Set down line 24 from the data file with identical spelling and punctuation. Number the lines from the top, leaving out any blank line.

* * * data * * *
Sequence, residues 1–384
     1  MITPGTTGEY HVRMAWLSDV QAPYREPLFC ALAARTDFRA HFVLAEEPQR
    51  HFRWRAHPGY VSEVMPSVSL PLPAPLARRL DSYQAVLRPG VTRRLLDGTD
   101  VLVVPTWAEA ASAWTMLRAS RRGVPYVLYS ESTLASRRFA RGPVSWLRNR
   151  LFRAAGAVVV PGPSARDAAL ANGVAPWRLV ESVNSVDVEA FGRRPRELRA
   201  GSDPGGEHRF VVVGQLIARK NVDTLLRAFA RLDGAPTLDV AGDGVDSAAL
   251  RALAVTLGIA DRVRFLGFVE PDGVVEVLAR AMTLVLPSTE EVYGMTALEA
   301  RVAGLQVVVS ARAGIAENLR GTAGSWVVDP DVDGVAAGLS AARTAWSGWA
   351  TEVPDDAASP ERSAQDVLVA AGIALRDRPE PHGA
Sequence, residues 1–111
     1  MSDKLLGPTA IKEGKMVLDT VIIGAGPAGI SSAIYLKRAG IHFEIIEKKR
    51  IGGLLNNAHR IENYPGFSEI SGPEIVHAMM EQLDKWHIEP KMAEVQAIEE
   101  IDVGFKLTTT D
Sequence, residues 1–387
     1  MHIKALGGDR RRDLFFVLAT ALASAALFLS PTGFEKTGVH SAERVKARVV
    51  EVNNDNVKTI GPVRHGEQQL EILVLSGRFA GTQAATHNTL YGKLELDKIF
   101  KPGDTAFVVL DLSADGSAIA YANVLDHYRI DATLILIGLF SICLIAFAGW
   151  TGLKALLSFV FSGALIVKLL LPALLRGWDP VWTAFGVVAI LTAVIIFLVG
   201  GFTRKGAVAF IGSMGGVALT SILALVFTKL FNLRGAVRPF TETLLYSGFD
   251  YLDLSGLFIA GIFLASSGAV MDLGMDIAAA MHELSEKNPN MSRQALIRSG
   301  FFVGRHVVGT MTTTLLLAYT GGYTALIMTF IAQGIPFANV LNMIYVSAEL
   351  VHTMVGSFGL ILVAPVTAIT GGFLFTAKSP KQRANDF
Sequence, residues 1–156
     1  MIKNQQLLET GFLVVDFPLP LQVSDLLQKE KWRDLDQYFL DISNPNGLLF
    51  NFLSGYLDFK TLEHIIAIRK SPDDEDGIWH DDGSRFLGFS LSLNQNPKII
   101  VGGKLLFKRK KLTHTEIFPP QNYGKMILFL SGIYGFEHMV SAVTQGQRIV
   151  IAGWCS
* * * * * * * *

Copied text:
     1  MIKNQQLLET GFLVVDFPLP LQVSDLLQKE KWRDLDQYFL DISNPNGLLF